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    The Medieval Garden

    To the south of the Rose and Fragrance Garden is another garden that is a part of this complex because it contains both roses and fragrant plants - the Medieval Garden. Covered walks, arbors, and hedges will frame the space. The plants, materials, and gardening style will represent the more formal gardens of this historical period by featuring a kitchen garden with raised beds of potherbs and medicinal plants and a flower lawn with a raised turf seat and central fountain. This will also be a major display area for herbs, as medieval gardeners grew an abundance of plants used for flavoring, medicine, and fragrance.

    The Park Avenue Gardens

    Source: MTR
    An example of a boardwalk through a sea of grass like the one that will cross the Marsh Meadow.







    The Park Avenue gardens are the window on the Arboretum for all that pass by. They will also function as a window on the University for newcomers arriving from I-99 and the airport. Their configuration is determined by the layout of the East Sub-Campus and the environmentally-sensitive water recharge area.

    In order to create an intimate space in this location so close to Park Avenue, this garden is heavily screened on its south and west edges. The screen plantings in the drainage swale coming from College Heights must be selected to accept periodic inundation, and the planting operations must be conducted so as to minimize compaction and disturbance to the soils here. In this way their capacity to infiltrate storm water will not be disturbed.

    The most noticeable feature of these gardens is the Marsh Meadow, occupying the low area closest to Park Avenue. Around the perimeter will be edge plantings of baldcypress, weeping willows, and dogwoods with colored yellow stems to provide a framework that is beautiful at all times of the year. Located outside the Arboretum fence, the Marsh Meadow is open to all to stroll through and enjoy. A pavilion at the center allows visitors to rest and enjoy the singing of the birds and the beauty of the natural setting.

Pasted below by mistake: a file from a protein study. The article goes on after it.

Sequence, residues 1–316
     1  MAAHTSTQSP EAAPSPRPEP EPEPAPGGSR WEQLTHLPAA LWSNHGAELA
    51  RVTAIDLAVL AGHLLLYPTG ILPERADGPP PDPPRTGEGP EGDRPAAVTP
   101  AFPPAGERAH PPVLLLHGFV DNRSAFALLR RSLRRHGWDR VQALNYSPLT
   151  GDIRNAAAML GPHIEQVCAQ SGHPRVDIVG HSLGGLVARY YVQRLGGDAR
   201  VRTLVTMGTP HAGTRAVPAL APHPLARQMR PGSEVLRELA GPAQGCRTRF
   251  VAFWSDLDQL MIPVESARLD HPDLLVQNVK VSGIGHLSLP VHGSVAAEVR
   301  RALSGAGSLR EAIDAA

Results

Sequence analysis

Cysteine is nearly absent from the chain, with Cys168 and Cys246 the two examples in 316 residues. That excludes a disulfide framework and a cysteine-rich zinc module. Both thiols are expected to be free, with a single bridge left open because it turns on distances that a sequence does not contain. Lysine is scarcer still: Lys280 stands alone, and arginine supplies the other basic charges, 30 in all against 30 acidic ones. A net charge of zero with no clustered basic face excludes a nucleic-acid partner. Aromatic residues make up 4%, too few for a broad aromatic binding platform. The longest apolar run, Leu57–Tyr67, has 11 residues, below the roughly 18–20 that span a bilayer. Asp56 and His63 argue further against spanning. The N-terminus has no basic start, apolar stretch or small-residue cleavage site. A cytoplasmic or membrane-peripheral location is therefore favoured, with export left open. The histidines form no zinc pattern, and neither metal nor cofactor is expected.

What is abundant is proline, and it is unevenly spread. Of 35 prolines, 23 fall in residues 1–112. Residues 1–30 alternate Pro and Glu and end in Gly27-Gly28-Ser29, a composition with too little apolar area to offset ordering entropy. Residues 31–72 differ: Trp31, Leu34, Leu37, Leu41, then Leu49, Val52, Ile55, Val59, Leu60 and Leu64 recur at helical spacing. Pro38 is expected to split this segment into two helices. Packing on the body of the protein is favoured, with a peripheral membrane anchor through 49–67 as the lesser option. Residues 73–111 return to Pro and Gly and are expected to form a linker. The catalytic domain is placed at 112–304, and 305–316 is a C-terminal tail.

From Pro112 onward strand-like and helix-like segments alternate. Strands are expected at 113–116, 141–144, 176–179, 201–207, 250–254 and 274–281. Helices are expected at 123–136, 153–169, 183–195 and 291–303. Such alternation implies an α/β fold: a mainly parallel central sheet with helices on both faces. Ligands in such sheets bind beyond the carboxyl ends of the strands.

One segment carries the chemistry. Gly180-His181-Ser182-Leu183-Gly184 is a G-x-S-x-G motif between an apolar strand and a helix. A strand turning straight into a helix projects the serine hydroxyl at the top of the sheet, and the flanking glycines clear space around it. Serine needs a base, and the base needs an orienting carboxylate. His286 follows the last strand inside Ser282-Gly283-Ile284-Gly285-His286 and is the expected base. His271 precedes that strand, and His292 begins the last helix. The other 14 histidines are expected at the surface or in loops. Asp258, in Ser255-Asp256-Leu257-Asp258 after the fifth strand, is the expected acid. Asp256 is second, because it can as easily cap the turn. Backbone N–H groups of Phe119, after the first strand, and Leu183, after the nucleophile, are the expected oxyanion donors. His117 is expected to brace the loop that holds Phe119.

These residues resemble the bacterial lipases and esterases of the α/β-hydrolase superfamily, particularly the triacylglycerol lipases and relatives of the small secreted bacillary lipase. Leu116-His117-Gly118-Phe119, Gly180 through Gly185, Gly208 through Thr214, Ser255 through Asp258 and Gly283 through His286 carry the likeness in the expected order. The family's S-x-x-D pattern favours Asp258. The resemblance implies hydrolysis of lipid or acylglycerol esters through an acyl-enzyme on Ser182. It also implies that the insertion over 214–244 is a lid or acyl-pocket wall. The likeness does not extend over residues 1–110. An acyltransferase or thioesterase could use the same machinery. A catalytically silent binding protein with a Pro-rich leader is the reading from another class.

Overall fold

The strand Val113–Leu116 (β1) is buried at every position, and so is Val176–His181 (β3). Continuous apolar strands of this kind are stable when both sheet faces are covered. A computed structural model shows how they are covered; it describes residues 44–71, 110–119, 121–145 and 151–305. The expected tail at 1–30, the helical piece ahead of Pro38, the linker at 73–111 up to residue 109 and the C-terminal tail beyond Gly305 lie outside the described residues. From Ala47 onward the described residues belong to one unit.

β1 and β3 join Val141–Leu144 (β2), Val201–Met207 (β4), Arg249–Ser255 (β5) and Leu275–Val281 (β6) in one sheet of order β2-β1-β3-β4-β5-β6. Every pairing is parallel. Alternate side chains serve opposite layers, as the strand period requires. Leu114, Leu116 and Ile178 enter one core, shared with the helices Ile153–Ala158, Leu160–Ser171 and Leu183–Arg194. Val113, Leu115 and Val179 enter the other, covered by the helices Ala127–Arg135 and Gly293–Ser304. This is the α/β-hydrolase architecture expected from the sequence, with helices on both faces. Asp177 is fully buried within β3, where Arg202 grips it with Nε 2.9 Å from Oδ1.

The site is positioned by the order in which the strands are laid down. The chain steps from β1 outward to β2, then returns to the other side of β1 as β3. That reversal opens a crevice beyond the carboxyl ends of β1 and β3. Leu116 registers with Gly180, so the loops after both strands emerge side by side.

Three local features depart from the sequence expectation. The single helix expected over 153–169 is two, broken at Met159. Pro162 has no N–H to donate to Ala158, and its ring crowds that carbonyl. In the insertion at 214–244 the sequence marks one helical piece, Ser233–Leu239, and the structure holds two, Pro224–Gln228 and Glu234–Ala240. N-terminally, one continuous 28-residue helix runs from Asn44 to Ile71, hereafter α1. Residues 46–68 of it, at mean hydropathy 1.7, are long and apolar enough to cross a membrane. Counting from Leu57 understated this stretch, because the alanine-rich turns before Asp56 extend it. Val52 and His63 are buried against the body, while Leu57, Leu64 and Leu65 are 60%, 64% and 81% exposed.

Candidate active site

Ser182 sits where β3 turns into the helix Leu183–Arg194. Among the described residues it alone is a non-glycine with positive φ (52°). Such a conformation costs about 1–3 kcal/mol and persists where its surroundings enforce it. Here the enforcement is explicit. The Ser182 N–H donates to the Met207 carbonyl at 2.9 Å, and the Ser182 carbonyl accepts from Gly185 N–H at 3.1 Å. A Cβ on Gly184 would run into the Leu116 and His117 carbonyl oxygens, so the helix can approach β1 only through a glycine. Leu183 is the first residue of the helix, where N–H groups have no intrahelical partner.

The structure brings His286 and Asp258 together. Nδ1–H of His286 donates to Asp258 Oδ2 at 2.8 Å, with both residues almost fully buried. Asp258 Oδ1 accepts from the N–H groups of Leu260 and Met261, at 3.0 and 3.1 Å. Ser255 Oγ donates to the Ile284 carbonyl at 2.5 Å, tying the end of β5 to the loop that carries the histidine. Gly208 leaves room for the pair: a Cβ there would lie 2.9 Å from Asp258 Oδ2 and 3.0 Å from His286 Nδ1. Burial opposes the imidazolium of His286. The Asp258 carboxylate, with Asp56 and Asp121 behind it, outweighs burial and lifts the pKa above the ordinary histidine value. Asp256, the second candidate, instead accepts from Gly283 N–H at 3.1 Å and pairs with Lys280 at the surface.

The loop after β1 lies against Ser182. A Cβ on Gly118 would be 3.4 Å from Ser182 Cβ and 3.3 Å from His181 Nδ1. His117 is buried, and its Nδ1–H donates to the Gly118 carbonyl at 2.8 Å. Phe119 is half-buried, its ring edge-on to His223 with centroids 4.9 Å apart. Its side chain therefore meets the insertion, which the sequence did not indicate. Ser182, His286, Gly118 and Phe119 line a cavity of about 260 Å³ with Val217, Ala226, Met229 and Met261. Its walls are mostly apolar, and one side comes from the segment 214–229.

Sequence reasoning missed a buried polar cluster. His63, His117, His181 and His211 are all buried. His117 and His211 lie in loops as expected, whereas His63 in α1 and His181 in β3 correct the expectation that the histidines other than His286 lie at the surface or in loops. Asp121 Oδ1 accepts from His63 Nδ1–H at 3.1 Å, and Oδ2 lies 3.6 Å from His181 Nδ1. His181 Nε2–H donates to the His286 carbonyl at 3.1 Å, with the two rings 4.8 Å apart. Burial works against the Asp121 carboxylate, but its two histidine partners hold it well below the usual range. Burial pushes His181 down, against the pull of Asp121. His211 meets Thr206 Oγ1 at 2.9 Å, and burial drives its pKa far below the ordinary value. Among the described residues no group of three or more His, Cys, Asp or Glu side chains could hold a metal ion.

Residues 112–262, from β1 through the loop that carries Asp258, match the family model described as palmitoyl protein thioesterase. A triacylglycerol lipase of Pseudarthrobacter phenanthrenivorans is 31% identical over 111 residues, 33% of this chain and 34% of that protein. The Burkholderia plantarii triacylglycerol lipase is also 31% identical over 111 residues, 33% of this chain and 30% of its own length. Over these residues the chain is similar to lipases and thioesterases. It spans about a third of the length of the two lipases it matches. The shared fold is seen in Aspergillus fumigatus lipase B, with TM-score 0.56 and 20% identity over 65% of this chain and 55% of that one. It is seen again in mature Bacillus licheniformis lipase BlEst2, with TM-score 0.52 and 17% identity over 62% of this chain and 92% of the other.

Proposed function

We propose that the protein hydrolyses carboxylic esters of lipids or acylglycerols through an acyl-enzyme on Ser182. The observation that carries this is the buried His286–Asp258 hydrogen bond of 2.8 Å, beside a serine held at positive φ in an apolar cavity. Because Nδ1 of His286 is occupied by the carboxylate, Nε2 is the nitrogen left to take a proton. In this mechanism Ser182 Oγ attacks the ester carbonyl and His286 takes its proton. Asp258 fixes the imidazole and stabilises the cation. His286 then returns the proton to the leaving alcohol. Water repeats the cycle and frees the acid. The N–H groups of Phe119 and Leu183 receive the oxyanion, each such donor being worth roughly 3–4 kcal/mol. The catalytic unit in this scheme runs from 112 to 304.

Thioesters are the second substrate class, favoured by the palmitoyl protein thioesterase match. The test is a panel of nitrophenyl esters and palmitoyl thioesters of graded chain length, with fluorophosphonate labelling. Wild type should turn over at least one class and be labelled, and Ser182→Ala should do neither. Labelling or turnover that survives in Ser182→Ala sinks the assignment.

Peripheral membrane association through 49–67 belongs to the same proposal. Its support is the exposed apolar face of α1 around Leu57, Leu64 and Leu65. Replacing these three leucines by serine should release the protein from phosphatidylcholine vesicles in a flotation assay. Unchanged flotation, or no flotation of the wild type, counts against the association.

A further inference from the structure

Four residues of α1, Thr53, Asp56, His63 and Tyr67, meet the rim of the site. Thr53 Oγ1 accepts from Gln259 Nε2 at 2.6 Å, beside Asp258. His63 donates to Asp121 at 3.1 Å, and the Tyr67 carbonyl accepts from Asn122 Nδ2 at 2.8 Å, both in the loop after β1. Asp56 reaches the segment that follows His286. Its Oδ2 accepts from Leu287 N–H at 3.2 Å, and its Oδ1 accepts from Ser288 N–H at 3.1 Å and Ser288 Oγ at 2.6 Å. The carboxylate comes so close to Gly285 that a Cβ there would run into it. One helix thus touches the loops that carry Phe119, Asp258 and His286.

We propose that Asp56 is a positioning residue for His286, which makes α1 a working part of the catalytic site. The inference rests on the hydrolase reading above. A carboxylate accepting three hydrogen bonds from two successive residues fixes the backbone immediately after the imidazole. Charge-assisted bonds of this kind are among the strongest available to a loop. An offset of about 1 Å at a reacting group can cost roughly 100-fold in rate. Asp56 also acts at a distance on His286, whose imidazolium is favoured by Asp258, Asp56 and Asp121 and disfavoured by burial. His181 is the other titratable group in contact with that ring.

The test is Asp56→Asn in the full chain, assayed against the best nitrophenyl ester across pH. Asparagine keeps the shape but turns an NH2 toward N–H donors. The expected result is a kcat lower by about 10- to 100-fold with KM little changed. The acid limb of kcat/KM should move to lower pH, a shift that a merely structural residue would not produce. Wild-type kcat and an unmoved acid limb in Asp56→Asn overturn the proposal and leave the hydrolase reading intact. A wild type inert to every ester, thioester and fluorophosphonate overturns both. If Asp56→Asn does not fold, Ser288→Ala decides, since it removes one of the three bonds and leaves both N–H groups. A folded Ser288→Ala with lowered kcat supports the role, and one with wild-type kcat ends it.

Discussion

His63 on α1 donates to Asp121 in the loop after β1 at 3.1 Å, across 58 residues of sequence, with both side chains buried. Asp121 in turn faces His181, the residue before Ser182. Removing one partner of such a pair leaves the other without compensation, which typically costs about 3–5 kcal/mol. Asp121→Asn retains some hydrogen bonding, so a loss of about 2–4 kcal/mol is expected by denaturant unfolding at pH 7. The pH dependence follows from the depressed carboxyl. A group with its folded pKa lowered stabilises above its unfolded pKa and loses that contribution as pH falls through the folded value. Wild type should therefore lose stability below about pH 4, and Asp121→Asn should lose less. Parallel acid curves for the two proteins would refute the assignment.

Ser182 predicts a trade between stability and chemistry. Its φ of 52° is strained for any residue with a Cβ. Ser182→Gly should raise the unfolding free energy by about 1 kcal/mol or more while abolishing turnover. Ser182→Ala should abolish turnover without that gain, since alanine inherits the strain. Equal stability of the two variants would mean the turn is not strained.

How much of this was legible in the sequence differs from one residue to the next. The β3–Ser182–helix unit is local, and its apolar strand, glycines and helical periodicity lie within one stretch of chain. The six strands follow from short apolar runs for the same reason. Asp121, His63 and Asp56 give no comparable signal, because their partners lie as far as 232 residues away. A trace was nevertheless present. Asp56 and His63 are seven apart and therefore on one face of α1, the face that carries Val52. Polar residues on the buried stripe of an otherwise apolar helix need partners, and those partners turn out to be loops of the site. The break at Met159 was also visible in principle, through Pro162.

This open, green space echoes the lawn at the center of the East Sub-Campus with its broad semi-circle of green, but its configuration is much more relaxed and flowing. Pedestrians are invited back into the site on paths leading to the front door of the Education Center and around the Marsh Meadow.

    To the west of the meadow, a lawn panel leads up the gentle slope to the terrace at the Margery Enes Smith Soaring Waters in front of the bamboo allée leading to the Conservatory Terrace Garden and Oasis Garden. This panel consists of a series of progressively widening bands of different colored turf, creating a pattern on the slope visible even from Park Avenue. The terraced lawn panel will offer views down to the Marsh Meadow and across its expanse. The expertise of the University's turf grass research center will be invaluable in designing this program element.

    Flanking the lawn panel is a Four Seasons Garden that highlights plants with several seasons of interest, such as conifers and grasses, shrubs and trees with spring bloom and fall color, or plants that produce interesting seed heads or berries. It has paths exploring every nook and cranny so that visitors may find even the smallest, early-blooming bulb. The four seasons garden is also set close to the terrace so that no one will have to walk far to enjoy it even during the worst of winter.

    Complementing the Marsh Meadow and Four Seasons Garden is the Winter Garden that follows the driveway from the intersection of Park Avenue and Bigler Road to the covered entrance of the Education Center.

    Although many people think of gardens as a summer attraction, there are many plants that are quite beautiful during the coldest months of the year. The Winter Garden features shrubs, trees, and grasses with beautiful form, colorful bark or berries, intricate seed heads, or evergreen foliage. As mentioned above, a terrace in the Winter Garden serves both the Education Center and the Conservatory and helps to make the transition from the entrance corridor into the site. Low seat walls in the Winter Garden mirror those across the street at the Dickinson Law School's new building and form a visual gateway to the Arboretum along Bigler Road.